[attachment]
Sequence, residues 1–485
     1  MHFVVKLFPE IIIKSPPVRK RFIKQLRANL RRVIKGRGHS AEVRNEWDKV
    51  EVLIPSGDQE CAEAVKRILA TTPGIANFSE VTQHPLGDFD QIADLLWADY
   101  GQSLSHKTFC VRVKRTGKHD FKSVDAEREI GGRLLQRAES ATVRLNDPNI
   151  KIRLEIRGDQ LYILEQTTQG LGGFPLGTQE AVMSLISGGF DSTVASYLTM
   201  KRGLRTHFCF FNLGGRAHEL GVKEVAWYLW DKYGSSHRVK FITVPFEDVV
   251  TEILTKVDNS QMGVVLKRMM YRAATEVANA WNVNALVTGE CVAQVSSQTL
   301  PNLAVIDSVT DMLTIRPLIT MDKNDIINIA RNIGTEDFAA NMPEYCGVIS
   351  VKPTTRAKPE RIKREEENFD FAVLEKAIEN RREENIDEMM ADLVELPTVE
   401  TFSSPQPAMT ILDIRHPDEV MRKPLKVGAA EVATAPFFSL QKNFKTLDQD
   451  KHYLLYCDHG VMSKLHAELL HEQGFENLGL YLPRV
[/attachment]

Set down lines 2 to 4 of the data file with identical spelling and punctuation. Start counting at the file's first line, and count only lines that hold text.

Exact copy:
     1  MHFVVKLFPE IIIKSPPVRK RFIKQLRANL RRVIKGRGHS AEVRNEWDKV
    51  EVLIPSGDQE CAEAVKRILA TTPGIANFSE VTQHPLGDFD QIADLLWADY
   101  GQSLSHKTFC VRVKRTGKHD FKSVDAEREI GGRLLQRAES ATVRLNDPNI